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High School Bullying Analytical Essay

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Introduction

High school bullying manifests in more ways than one. It may be perpetrated through emotional, verbal, or physical abuse. Basically, those who bully their fellow students exert some level of subtle coercion on their subjects and do it repeatedly such that they dominate their subjects in a social or physical manner (Levinson, 2002, p. 1).

Bullying is usually outlawed and discouraged in many schools in the United Kingdom (UK) but currently the country does not have any clear legal definition of the term (Oliver, 2003). However, other countries such as the United States (US) have a clear-cut definition of bullying and those proved to have committed the act usually face legal action at a school or state level.

High school bullying normally takes the form of group or individual domination over vulnerable targets and usually involves the witnessing of unfair acts by bystanders who most often condone such actions so that they do not become the next victims (Swearer, 2009, p. 4). Nonetheless, USA Today reports that:

“school children may not evaluate school-based violence (student-on-student victimization) as negatively or as being unacceptable as much as adults generally do, and may even derive enjoyment from it, and they may thus not see a reason to prevent it if brings them joy on some level” (p. 5).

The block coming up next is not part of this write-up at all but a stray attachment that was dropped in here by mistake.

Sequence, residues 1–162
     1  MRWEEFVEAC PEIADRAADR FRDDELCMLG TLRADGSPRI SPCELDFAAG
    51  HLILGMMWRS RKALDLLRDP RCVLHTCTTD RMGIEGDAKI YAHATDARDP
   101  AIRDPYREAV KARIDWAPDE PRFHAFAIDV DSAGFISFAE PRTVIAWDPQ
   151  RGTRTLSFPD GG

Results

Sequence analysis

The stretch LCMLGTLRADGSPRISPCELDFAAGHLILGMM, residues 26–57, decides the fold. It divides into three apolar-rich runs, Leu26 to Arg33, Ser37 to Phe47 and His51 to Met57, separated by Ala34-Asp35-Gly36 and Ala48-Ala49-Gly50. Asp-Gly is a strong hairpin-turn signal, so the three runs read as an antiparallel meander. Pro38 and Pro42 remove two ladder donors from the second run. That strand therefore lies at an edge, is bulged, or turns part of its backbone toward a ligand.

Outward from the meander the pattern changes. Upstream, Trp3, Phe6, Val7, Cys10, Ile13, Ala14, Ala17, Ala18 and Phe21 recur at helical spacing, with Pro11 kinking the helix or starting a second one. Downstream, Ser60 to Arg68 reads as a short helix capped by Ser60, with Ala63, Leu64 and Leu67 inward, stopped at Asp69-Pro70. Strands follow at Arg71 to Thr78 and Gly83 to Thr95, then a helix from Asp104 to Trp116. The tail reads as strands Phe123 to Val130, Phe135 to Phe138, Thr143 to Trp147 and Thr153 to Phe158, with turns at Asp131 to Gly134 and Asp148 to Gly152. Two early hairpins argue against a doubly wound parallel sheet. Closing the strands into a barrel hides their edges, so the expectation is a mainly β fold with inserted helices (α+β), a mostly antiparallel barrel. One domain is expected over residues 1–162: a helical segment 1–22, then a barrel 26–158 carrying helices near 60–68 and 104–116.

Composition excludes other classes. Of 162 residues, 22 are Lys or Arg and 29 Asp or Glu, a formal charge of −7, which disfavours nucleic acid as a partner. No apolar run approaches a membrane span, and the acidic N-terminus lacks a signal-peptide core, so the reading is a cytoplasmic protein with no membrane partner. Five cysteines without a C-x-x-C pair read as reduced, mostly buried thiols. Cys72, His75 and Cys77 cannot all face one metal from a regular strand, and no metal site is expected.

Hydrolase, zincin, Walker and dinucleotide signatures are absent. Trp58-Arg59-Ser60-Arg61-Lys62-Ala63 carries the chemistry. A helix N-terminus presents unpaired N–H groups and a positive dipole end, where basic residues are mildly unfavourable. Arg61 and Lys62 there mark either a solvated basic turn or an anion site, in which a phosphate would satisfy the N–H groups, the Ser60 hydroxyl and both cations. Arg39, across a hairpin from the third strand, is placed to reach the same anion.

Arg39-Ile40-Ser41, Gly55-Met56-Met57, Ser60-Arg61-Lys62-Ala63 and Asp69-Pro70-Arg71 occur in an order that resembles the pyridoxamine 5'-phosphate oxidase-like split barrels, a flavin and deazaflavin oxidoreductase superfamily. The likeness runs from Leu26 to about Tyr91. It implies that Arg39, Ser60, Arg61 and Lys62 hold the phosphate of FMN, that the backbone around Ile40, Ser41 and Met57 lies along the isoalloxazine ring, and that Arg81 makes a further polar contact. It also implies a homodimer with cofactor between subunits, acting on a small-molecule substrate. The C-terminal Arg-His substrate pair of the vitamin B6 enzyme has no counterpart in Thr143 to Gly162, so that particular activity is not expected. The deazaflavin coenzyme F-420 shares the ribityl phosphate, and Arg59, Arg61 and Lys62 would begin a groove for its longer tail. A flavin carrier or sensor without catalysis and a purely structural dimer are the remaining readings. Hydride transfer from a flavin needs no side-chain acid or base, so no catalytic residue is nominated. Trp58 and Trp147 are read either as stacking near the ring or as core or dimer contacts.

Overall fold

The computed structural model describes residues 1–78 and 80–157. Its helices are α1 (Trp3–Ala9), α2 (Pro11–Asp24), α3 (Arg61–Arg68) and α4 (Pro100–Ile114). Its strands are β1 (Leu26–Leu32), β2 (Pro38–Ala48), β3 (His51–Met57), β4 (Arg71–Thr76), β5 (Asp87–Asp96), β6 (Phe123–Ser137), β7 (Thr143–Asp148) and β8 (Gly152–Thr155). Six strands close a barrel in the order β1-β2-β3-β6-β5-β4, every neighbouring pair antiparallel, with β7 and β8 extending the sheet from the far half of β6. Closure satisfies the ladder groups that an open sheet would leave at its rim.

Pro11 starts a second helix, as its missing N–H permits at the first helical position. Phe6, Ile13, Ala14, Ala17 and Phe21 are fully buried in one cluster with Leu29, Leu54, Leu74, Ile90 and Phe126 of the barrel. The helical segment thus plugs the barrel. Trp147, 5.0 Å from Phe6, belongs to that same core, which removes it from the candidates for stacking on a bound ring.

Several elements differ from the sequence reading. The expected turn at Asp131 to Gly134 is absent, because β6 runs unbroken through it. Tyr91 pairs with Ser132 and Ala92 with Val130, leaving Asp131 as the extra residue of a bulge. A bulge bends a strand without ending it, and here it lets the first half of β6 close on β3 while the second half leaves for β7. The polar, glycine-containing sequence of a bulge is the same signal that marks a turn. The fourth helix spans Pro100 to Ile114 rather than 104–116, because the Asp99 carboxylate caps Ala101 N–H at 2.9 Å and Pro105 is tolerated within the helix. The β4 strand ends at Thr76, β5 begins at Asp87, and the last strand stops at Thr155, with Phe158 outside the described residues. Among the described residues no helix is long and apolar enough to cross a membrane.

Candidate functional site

This complicates efforts to tackle high school bullying because some students often see it as a normal occurrence and therefore do not collaborate or take part in initiatives to curb the vice.

It becomes extremely surprising that bullying is not only perpetrated by fellow students but by teachers as well. This often occurs because of the imbalance of power between students and teachers that which leaves room for subtle coercion from the teachers (Swanwick, 2010, p. 349).

This study further exposes this topic but with the assertion that bullying can only be stopped if student cooperation is fostered and if moderators are introduced into the school system so that dispute resolution can be easily enhanced. This study will however accomplish these goals in a professional context such that the contents of this study can be considered for publication in a professional journal.

Considering this unique goal, we will establish the professional journal to be considered and why it is appropriate for this study. Emphasis will also be made on the kind of audience to read this article because the contents of this study need to be at par with other similar articles in the journal to be selected. This therefore means that this article will be developed in close similarity to the similar articles in the selected journal.

To achieve a precise outcome, we will evaluate some of the existing articles in the selected journal to establish the development criteria for preferred articles. Lastly, we will also evaluate the author guidelines in the selected journal and in so doing; we will develop a list of guidelines that outlines this study.

Journal Selection